Oh dear… I appear to have missed last week’s post. Curse property law assignments! However, now that I’m free of leasehold covenants, rent guarantees and indefeasibility for a couple of weeks – on with the blogging!
Today, I thought I’d take a brief look at live blogging compared with live tweeting, and why one might be preferable to the other.
According to Daniel Hurst, from the Brisbane Time, live blogging involves “ditching the normal news structure”. Journalists instead provide regular, short updates on a continuous news story. He says they can be used to cover a wide variety of stories, including:
– unfolding political stories, debates and elections
– severe weather events
– sporting matches
– riots and protests.
Essentially, Hurst said live blogs can be used for any topic in which an audience will be interested in ongoing updates. He also said running live blogs for rapidly unfolding events makes it easier for readers to digest “bite-sized” pieces of information and that it’s easier for journalists to write short, sharp updates. The Guardian’s Matt Wells makes some similar comments here.
It was also pointed out to us that live blogs can sometimes take a more conversational tone (though I’d assume the context of the news item in particular would determine if this was appropriate). For example, check out the ABC’s live blog coverage of the Olympics Closing Ceremony – possibly the best example of a “conversational tone” I’ve seen. Obviously a more “light-hearted” story like the Closing Ceremony could allow you to be personal and less serious, as compared to say, live-blogging a natural disaster.
The other main benefit of live blogging that Hurst discussed was that it developed a two-way conversation with the reader – journalists can include social media (and other interactive media) to show reactions to news, as well as excerpts of analysis and comments from (and links to) other articles (even their competitors!).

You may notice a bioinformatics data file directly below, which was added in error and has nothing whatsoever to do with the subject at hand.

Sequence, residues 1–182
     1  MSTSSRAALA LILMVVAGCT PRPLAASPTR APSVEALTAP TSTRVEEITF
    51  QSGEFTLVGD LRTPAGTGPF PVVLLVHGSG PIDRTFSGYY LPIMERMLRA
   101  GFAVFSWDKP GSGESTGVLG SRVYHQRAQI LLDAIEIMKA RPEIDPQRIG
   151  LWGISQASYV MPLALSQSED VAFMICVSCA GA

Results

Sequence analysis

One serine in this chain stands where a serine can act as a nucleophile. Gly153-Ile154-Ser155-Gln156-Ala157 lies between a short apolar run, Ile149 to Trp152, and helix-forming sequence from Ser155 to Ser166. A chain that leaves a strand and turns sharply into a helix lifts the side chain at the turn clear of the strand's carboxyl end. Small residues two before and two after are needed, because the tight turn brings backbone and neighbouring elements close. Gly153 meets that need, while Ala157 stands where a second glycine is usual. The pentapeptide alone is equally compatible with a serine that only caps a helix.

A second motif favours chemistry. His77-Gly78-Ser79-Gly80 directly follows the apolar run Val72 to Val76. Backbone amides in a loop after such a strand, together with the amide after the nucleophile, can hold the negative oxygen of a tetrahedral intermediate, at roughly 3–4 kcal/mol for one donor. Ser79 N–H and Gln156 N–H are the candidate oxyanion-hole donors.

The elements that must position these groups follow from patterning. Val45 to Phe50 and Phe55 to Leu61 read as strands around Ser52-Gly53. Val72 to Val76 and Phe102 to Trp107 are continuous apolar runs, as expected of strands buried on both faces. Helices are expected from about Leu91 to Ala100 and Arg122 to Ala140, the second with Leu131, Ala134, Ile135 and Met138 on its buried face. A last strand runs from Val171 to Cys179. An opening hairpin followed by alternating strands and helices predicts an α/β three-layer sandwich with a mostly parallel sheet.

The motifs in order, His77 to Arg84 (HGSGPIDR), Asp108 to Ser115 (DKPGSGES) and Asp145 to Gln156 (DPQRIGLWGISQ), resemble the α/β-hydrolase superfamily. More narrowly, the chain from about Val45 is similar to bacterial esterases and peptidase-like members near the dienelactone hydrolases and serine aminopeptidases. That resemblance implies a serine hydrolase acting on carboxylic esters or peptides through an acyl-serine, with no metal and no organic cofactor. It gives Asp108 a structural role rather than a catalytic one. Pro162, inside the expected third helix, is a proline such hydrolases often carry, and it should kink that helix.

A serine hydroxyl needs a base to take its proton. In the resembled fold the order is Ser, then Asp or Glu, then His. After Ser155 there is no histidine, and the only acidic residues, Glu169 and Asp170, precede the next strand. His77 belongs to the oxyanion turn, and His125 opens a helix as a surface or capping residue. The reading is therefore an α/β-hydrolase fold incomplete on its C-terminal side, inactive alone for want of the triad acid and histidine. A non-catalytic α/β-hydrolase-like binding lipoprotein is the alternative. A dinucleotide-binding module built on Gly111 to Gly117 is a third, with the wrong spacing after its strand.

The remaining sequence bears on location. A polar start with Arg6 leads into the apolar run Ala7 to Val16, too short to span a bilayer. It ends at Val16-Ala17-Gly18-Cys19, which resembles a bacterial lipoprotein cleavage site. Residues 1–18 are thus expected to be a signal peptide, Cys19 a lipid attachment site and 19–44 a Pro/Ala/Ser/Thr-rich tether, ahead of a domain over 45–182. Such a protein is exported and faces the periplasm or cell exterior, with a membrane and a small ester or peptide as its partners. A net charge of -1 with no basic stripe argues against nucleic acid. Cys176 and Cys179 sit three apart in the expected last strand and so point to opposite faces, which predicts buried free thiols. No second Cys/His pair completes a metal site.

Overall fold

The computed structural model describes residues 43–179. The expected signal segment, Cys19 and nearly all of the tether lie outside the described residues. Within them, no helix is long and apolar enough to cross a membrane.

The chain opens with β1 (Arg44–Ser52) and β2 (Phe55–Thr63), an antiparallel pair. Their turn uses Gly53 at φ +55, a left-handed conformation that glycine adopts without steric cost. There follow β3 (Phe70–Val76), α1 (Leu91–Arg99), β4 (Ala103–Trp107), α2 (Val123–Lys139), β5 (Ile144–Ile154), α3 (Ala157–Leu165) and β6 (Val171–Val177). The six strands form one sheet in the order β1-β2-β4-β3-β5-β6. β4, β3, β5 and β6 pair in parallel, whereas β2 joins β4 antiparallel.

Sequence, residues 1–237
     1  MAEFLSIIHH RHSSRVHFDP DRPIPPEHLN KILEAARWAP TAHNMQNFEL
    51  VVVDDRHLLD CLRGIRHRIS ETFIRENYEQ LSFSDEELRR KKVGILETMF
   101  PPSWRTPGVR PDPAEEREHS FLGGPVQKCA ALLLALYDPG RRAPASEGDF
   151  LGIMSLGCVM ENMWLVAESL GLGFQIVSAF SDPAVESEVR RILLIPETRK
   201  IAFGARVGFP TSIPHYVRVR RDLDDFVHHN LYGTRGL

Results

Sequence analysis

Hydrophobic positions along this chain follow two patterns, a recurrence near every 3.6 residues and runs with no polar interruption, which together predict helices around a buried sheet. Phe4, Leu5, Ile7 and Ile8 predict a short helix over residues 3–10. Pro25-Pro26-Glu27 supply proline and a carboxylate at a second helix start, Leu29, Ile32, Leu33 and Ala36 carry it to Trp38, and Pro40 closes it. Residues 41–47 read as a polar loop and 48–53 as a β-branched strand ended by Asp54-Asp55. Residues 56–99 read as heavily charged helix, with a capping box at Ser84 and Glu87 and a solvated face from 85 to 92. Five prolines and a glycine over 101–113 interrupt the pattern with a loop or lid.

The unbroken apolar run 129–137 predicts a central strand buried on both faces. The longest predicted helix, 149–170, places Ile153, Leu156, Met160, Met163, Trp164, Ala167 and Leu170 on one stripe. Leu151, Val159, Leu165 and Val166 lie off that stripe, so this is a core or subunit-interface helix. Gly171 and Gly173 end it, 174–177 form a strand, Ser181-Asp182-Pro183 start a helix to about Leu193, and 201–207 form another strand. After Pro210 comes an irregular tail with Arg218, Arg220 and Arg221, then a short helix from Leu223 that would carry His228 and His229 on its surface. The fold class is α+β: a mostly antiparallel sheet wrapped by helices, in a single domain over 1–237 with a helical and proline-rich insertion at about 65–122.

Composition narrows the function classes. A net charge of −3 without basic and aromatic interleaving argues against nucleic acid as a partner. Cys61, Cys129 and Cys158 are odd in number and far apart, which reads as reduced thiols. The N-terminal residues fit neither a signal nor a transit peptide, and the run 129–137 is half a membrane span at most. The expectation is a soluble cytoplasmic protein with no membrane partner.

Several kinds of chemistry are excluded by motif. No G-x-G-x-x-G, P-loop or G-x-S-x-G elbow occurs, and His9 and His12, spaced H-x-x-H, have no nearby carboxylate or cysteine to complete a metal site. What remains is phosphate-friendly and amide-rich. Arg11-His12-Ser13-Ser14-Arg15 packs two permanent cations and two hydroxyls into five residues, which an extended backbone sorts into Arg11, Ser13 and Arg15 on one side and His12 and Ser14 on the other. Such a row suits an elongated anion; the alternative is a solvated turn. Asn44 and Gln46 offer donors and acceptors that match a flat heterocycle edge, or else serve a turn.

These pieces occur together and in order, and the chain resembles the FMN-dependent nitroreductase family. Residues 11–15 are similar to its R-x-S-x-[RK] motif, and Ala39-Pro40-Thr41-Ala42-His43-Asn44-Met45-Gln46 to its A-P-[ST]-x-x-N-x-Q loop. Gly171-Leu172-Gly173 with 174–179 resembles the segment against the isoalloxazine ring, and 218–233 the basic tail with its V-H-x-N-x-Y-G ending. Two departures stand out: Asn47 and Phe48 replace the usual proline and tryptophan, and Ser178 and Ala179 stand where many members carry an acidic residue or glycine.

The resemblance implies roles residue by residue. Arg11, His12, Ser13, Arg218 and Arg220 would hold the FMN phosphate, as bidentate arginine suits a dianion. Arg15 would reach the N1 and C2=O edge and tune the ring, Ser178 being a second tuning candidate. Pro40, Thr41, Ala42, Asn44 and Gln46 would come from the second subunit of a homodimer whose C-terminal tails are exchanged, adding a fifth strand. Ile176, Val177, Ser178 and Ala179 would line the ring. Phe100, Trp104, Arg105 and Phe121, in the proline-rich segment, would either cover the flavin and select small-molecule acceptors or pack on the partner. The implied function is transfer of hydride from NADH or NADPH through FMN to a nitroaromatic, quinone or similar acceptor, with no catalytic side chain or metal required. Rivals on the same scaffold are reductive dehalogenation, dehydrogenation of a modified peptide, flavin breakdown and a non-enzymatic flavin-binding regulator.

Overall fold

However, live blogs don’t necessarily work for every story. Channel 4’s technology correspondent Benjamin Cohen (quoted in Matt Wells’ piece above) says live blogs need a “lot of content to work” and also only really work if journalists have a big audience to read and share it. He says they can also be confusing for new readers (because of the amount of content) and thus need continual “signposting” – good curating and management are to prevent a live blog becoming a “mishmash of tweets and comments with context.” Finally, I find it interesting that Cohen also says, for some breaking stories, it’s actually more interesting to look at the Twitter stream for a breaking story – which leads nicely into my next point.
Many people will be familiar with the idea of live tweeting – follow any journalist or news organisation on Twitter and, when they attend a press conference or breaking news event, you can be sure there’ll be a constant stream of updates letting the reader know exactly what’s going on (as best they can in 140 words). The Poynter Institute’s Herbert Lowe describes live tweeting as a “standard tool” for breaking news.
However, Daniel Hurst was sceptical about live tweeting press conferences, and another Poynter Institute author, Matt Thompson, has given five (in my opinion) convincing reasons why a live blog might be better.
Firstly, Thompson does admit Twitter has some “key advantages”, namely that the software is easier to use (no live blogging client to try and embed in your site) and that it also allows you to engage with everyone who follows you (not just those visiting your site on a regular basis).
But he also points out that Twitter’s 140-character limit makes it difficult to capture the “flux of a speaker’s argument, or the back-and-forth in a panel discussion.” It is good for tweeting “applause lines” though.
Of Thompson’s five points, I think the first two that running a live blog forces journalists to pay attention and forces them to write – warrant some discussion. I’m not 100 per cent sure doing a live blog will force journalists to pay more attention. I suppose you could argue the increased amount of information needed (or provided?) by a live blog means journalists would pay attention so they can write more (with the flipside being live tweeting journalists only looking/ listening for main points). However, I think a live tweeting journo would still need to pay attention to all the information, so that he actually knows which pieces are the most important.
Thompson’s second point is something I could agree with entirely. I’ve already mentioned, in my Speed vs. Accuracy post, that I’m a bit of a perfectionist. I like the suggestion that the continual pressure of needing to provide longer updates every few minutes stops journalists from fretting over every word and sentence. Hopefully, doing some live blogging might help break me from this habit. Conversely, I think trying to live tweet something might make me more pedantic, as I try and condense all my ideas down into 140 concise characters.